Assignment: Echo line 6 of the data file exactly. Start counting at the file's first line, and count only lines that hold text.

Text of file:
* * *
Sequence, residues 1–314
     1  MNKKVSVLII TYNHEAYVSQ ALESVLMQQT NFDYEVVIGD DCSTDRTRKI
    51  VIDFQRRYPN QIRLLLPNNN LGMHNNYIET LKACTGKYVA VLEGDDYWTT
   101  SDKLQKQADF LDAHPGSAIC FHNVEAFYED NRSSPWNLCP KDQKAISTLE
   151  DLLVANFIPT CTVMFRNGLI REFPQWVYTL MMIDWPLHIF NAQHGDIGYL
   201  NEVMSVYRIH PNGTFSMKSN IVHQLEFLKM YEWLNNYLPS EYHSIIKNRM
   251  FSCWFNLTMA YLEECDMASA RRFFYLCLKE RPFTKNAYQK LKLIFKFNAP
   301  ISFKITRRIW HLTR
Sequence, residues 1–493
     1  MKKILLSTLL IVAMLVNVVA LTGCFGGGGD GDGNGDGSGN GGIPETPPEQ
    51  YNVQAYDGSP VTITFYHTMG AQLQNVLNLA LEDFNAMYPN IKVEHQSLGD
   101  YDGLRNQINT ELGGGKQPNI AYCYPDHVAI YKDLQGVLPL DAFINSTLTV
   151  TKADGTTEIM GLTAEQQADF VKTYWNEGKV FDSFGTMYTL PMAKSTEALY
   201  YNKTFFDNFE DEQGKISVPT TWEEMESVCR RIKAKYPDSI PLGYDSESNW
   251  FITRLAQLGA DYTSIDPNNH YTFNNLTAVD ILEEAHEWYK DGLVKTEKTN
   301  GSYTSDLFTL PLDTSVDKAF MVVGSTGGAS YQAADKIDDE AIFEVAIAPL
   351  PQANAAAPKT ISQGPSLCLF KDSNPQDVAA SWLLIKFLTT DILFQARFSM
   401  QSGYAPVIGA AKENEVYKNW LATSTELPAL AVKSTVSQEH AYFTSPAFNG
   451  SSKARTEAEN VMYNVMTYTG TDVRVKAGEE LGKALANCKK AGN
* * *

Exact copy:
   201  NEVMSVYRIH PNGTFSMKSN IVHQLEFLKM YEWLNNYLPS EYHSIIKNRM